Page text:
06/03/15, Camden Haven River
Cleaned the hull off on Thursday. Started to load on books etc.
Found a place for all the anti-foul gear.
We will be hauling out at Horizon Shores at Jacobs Well, last week in March or first week in April.
Have almost finished tiller fitting for the windvane, which is finished.
Hoping to get out Monday or Tuesday for a test sail, then its the big food purchase on Wednesday.
Rapidly finishing of all the home jobs.
23/02/15, Camden Haven
Unfortunately the yacht on our local slip at present has some issues [wet etc] and other bookings for survey's, which means I would not get up until the 9th March or there about's.
So I have decided that we will slip at Yamba, which has a travel lift, as the costs are much the same and the pressure to get away will be gone.
Just have to sort out the windvane connection to the tiller and we are ready to go.
Getting close now, first weather window after the 14th March is the planned departure date.
06/02/15, Camden Haven River
Well I have reached a major milestone today with the successful installation of 56 cm of new sail track [my design] on the mast.
This will allow me to put in a reef correctly. We actually went sailing today on the mooring when we had the mainsail up!
My sail maker will now fix the boom bag and make a new bag for the inflatable dinghy which I have decided to carry roped to the starboard rail just forward of the mast.
Tomorrow night or Sunday I will spend the night on board to sort out the wiring to the mast head lights. They work, just not with the right switches!
I will be having a final flush, during that time onboard, to remove the last of the unnecessary gear.
The horizontal wind vane I'm building is now at the painting stage with only one support bracket to be fitted to Seaka and a small weld when I do the final assembly. Its looking really good.
On the 23rd I go up on the Laurieton slip for 3 days for anti-foul [4 coats this time] and a polish.
Sailing date is still around the middle of March.
Last week I finally got the AIS to talk to the Garmin Chart plotter and the Chart plotter to talk to the Raymarine DSC VHF radio.
Went up the mast yesterday to try and sort out the anchor light problem. Found that it was working but only with the navigation light on???? So came down with nothing achieved, will have to spend a night onboard [so I can see what light is on] to see exactly what is going on.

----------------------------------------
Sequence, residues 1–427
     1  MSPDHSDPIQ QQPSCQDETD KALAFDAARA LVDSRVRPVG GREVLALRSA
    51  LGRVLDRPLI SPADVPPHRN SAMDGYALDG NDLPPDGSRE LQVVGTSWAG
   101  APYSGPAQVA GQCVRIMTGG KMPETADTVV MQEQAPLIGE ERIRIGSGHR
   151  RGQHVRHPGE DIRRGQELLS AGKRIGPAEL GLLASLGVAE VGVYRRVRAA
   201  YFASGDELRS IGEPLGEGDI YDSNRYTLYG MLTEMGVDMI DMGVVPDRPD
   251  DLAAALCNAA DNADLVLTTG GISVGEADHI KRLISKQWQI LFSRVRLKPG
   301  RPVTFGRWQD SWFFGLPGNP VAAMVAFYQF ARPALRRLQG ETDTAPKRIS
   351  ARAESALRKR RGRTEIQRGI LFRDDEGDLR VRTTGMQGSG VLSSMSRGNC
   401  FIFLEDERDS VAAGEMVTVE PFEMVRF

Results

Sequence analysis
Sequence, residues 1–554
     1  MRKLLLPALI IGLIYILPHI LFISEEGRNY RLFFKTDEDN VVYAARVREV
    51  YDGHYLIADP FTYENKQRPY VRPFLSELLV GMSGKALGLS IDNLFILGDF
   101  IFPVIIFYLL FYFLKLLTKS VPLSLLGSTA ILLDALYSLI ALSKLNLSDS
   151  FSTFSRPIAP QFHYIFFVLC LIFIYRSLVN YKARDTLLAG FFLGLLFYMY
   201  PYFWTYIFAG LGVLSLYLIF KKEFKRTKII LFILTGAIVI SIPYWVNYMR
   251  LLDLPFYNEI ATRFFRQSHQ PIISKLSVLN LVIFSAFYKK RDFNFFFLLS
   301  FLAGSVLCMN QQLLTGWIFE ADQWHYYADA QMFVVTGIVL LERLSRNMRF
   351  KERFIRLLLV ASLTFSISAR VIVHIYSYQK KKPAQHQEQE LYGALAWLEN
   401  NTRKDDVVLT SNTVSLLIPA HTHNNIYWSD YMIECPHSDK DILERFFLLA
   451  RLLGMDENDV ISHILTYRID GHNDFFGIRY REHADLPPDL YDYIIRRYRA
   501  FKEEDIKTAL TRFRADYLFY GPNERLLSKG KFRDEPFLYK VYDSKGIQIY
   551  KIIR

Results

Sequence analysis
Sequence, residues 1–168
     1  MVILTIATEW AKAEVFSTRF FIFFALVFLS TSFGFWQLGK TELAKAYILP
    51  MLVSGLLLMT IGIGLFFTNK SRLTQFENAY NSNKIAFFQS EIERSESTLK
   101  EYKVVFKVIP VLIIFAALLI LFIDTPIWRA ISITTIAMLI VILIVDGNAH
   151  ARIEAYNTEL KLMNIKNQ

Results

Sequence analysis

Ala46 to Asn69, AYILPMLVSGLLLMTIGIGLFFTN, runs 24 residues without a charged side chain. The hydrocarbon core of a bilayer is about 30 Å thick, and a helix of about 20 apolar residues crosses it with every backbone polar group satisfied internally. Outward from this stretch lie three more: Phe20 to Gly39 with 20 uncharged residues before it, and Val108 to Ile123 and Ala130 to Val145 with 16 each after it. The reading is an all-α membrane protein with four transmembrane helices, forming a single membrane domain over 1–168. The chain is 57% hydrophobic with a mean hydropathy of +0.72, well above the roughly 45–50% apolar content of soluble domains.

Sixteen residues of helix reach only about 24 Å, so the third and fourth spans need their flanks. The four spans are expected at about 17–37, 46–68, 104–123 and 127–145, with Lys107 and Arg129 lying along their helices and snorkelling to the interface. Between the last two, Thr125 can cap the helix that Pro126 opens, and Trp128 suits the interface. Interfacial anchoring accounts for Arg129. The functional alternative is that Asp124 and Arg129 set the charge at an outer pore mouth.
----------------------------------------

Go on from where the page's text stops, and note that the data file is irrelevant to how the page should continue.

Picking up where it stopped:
I have finished the interior of Seaka!!!!!!
The boom bag and associated sail track have yet to be resolved.
Work on completing the wind vane is progressing. Have only to construct the actual wind vane [on top] working parts, assemble and paint. The attachment to Seaka's stern is underway and evolving. Thought I had lost the use of the stern ladder but will be able to re-install it for those times that I get in the water.
This weekend I will do a bit of gluing to the dinghy and will install the 2 tie down points next week.
Now scheduled to go up on the slip in Laurieton on 23rd February for 3 days. Four coats of anti-fouling going on and a polish to the topsides.
When I come off the slip will begin to load food stores, top off water and fuel etc.
There will be a couple of test sails off Laurieton to check all working parts.
Have had success with the AIS and we are now getting plots on the chartplotter.
Spoke to Raymarine this morning and as a result may have solved the issues with the DSC radio and GPS locations.
May also have an answer to the sail track problem, will see tomorrow.
With my plans to go around the block it had become obvious from comments of friends, already half way round, that I was going to need a wind vane steering system.